Blog

04 Dec 2014
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In my previous blog post Behat - The Right Way I made a statement that I think Behat was a better choice for writing tests even for the frontend. Some good arguments were raised in favor of CasperJS.

I believe my comparison was wrong in the sense it was lacking the key point to Behat's stength for us. It's not really about "Behat vs. Casper". The proper comparison should have been "Behat vs. Casper - With a Drupal backend"

And here's the key difference: With Behat you can interact with Drupal's API even when testing using PhantomJS. That is a lot of testing power!

23 Nov 2014
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The Drupal community can now proudly claim its own implementation of a Todo app with a RESTful backend!

TodoMVC is a site that helps you select the right JS MVC library. But more then that, it allows you to learn by comparing those libraries, as they all implement the same thing - a simple Todo app.

I've decided to fork the Angular example, and build it on top of RESTful. Looking at the Angular code, I was pleasantly surprised.

17 Nov 2014
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Behat is a wonderful tool for automatic testing. It allows you to write your user stories and scenarios in proper English, which is then parsed by Behat and transformed to a set of clicks or other operations that mimic a real user.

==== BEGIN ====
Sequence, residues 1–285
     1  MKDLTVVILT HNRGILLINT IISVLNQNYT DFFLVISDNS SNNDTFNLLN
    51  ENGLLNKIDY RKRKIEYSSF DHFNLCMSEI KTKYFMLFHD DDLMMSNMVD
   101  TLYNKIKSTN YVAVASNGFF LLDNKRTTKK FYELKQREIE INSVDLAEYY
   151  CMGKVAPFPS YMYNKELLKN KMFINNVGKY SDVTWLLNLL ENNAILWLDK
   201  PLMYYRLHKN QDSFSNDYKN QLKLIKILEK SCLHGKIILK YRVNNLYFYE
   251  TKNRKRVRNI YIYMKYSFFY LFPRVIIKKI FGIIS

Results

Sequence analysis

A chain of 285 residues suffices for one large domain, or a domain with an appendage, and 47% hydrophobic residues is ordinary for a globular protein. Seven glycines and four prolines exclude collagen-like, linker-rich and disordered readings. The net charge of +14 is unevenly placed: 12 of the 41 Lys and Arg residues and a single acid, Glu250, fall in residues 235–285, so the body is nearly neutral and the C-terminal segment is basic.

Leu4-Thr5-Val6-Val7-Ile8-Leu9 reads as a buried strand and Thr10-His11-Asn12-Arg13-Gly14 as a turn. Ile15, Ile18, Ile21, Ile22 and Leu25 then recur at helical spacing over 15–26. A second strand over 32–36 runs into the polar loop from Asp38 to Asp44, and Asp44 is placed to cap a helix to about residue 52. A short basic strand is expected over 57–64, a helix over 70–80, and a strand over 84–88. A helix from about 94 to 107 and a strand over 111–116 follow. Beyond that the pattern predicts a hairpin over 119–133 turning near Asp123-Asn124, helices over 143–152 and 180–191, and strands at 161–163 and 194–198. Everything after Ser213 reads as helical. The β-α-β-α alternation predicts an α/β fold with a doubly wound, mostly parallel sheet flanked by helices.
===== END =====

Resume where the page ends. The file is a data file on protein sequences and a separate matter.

If you don't have automated tests on your project, I would argue that you're doing it wrong (I explain why on The Gizra Way presentation). Even having a single test is much better than none.

With that said, it's super easy to abuse Behat. We are developers and we think sort of like machines (not really, but you get my point). If you would like to test login to your site you could easily do

Given I visit "/user/login"
 # fill the username and password input fields, and click submit
 When I fill "username" with "foo"
  And I fill "password" with "bar"
  And I press "Login"
 Then I should get a "200" HTTP response

Your test will return green, but it could be improved:

30 Oct 2014
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As extremely pedantic developers we take documenting our APIs very seriously. It's not rare to see a good patch rejected in code review just because the PHPdocs weren't clear enough, or a @param wasn't declared properly.

In fact, I often explain to junior devs that the most important part of a function is its signature, and the PHPdocs. The body of the function is just "implementation details". How it communicates its meaning to the person reading it is the vital part.

But where does this whole pedantic mindset got when we open up our web-services?
I would argue that at least 95% of the developers who expose their web-service simply enable RESTws without any modifications. And here's what a developer implementing your web-service will see when visiting /node.json:

19 Oct 2014
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What's the name of the Angular component for login?

The difficulties in creating a semi or fully decoupled site isn't in the RESTful part. Spitting out JSON is now covered by several modules, including RESTful which aims for a "best practices" solution.

One of the real problems, though, is how to prevent us, the community, from re-inventing the wheel over and over again. Basically, how do we package our frontend code similarly to how we package our generic backend code - AKA "modules". I discussed these problems, and offered some solutions in my "BoF" persentation: